Well-seasoned Master ─ Piotr ANDERSZEWSKI
by CHIAO Yuan-pu
When it comes to music competitions, one in which Piotr ANDERSZEWSKI participated as long as 30 years ago is a topic of conversation to this day, but not because of the final rankings or winner.
At the age of just 21, he joined the Leeds Piano Competition in 1990, playing a classic of BEETHOVEN's later work, the Diabelli Variations. The audience and judges were stunned that he had chosen a strenuous, uningratiating piece for a competition, and even more so that he had played it so well. That easily brought him to the semifinals, where he did something no one would have ever expected. In the middle of WEBERN's Variations for Piano Op. 27, he became extremely dissatisfied with his performance and simply got up and left, in effect forfeiting.
At the time, he just felt that he was being honest. Since he had played brilliantly in the first two rounds, people focused on him despite his loss, pulling the limelight away from the winner and thus becoming the "unofficial" winner!
He sincerely explains, "It was really awkward for me; I would never have expected it to happen and felt quite confused. Because of what happened, I was invited to perform at concerts, but I didn't know how to handle it. I thought about not playing. But people eventually mature. The most important thing was that I still loved music. That's what helped me press on. It was my source of strength in the beginning and will be so to the end."
From his initial rise 30 years ago to his current status as a highly reputed pianist, he has indeed held on to that love for music. He has never sought fame or fortune and simply focused on meticulously doing his job, following convention in polishing his skill. He has not done very many recordings nor performs a wide variety at concerts, holding mainly to German, Austrian, and Eastern European work, but no matter what he plays, it always conquers and produces a lasting impression. He says, "I have just one method: endlessly torture myself with practice and think to get the ideas I need out of my head and into my work." His achievements are thus by no means luck. Every note he plays is the product of painstaking effort. Despite that, he also knows how to connect with the audience and is by no means full of himself. "Whenever I decide to learn a song, I have to first have ideas about it. But I don't want to just present my ideas; I want the listeners to be convinced of what I'm doing. It can't just be self-intoxication. There's only one way to accomplish that: I must force the execution of every detail and allow these ideas to manifest in each detail."
A lover of reading and film, he designs his music much like an author or director at work, using his own logic to produce overtones in the piece. Pieces to be played at this Weiwuying performance may be viewed as a summary of his whole life, as each has been assiduously tempered by him over the years. He will start with French Overture by BACH, who has been his main source of momentum over the past two decades. The piece is in his first album of work by BACH (1998). He not only is a student of composers and styles of different eras but has also thoroughly analyzed the harpsichord and fortepiano, the results of which he translates into contemporary piano. If you are there, you will certainly experience the excellence he has cultivated by doing so. Being both Polish and Hungarian, he has a special place in his heart for Eastern European composers. Polish composer Karol SZYMANOWSKI was also a remarkably skilled pianist who wrote a unique musical language for the instrument. Twenty Mazurkas Op. 50 contains a sense of both Polish culture and misty fantasy. It is a reproduction of a traditional classic through a contemporary vocabulary that listeners are sure to immediately fall in love with. ANDERSZEWSKI's album from the past of SZYMANOWSKI's work has won numerous major awards, and this challenge of new works is sure to shine just as brightly.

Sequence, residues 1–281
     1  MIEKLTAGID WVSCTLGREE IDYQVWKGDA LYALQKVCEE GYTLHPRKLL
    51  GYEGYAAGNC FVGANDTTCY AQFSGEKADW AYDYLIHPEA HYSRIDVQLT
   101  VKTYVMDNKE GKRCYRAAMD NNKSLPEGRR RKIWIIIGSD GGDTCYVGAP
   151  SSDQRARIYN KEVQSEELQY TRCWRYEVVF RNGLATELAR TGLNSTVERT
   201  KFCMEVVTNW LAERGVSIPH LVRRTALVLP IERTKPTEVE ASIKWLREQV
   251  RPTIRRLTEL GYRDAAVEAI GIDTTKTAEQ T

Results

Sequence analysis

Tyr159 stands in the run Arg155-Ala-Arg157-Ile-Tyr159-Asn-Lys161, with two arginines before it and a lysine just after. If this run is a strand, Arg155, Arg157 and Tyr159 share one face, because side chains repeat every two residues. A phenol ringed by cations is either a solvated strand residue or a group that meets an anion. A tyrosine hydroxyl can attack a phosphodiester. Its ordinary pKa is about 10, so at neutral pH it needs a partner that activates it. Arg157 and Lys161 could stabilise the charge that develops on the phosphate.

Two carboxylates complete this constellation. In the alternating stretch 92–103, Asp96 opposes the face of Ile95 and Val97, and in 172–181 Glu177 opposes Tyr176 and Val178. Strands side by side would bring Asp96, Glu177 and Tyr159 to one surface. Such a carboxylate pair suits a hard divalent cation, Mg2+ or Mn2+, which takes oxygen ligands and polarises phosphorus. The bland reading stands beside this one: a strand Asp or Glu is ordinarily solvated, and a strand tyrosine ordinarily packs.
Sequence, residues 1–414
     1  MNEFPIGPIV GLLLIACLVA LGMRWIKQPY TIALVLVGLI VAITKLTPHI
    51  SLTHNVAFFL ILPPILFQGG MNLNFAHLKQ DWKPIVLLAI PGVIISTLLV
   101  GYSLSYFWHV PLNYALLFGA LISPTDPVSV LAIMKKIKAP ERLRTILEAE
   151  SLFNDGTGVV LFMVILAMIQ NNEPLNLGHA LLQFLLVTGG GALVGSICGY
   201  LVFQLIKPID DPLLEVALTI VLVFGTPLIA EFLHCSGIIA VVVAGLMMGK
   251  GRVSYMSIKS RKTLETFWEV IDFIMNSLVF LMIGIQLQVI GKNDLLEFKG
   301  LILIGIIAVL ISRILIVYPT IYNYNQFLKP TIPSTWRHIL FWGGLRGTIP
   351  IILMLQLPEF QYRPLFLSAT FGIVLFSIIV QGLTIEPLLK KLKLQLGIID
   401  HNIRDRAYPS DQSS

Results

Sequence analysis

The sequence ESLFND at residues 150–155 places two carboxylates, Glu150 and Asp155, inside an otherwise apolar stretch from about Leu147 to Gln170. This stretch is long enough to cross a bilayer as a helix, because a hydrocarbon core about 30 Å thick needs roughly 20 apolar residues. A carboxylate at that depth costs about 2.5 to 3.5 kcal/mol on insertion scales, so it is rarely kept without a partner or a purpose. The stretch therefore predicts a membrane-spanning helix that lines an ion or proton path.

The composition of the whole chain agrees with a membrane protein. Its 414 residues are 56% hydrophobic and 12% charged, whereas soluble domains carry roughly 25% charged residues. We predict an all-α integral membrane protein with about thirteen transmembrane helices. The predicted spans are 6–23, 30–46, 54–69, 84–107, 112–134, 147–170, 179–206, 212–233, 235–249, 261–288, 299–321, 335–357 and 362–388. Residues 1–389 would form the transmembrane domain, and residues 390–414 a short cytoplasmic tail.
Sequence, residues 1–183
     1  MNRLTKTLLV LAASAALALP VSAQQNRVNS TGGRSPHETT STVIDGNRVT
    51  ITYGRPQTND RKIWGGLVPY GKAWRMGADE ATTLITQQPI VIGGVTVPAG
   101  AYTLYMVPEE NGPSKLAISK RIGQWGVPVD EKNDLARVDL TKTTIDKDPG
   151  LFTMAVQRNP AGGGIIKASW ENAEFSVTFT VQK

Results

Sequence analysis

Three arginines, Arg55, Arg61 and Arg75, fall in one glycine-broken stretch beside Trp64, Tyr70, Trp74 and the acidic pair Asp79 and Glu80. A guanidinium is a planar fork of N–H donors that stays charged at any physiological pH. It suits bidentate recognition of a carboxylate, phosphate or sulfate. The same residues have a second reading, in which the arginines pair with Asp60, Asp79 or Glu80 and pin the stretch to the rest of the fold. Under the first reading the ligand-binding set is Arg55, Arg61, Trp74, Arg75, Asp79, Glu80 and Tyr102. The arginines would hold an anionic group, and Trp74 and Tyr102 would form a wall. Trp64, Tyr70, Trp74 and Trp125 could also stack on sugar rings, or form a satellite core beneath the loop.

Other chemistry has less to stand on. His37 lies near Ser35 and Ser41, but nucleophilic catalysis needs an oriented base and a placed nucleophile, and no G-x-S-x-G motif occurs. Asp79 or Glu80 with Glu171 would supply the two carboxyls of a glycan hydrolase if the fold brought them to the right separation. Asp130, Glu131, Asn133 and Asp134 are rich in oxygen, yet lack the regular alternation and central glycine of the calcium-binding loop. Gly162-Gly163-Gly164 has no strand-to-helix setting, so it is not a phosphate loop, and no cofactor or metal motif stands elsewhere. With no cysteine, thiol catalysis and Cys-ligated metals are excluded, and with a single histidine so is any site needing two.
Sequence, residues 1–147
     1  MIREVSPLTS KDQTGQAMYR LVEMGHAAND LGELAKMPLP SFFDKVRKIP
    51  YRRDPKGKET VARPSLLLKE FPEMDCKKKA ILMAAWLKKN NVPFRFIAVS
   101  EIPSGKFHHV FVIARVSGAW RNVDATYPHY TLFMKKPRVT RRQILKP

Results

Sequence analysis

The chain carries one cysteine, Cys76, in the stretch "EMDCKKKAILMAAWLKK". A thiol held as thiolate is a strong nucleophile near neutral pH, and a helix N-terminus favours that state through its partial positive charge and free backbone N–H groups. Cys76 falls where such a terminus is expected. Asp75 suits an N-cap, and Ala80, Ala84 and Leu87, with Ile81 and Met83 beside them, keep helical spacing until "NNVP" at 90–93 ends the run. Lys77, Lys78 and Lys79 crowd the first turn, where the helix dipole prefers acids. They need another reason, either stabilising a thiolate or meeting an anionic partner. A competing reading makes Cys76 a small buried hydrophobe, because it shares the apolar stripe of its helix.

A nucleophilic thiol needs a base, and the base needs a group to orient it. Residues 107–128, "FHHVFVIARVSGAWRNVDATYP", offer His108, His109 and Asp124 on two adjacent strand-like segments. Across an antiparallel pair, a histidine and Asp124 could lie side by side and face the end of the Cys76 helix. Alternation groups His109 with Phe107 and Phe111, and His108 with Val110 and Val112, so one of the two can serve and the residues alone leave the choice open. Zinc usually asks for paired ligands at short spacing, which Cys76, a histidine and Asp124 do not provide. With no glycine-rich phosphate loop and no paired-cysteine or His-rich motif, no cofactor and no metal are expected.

At the end of the concert, he will play BEETHOVEN's Piano Sonata No. 31, which he played in his first album (1996) and was the grand finale at his 2008 solo concert at Carnegie Hall, the recording of which has received wide acclaim. Famous for his performance of the Diabelli Variations, he has always been an ardent BEETHOVEN fan, especially the composer's later works. He says, "What first interested me about this song was the final fugue, especially the part with the inverted fugue theme. When all your energy is used up and you’re collapsing, dying, you obtain new life. It's really moving." It's a piece that you never get bored of playing or listening to. So how does he interpret the piece now, after having played it since the beginning of his career? We will just have to wait and see!
Another piece to look forward to is one from his first album, WEBERN's Variations for Piano, the piece that brought him fame as described above. It is a work of exquisite skill and care, especially in the second movement, which jumps around from the highest and lowest registers, along with tricky, unexplainable dynamics, earning it a reputation as one of the most vexing and difficult piano pieces. He did not finish it 30 years ago during his competition but is now touring the world with it, and the only way you will hear what is so spectacular about it is by being there in person. After all, this concert at Weiwuying is his first and only, so don't miss it!
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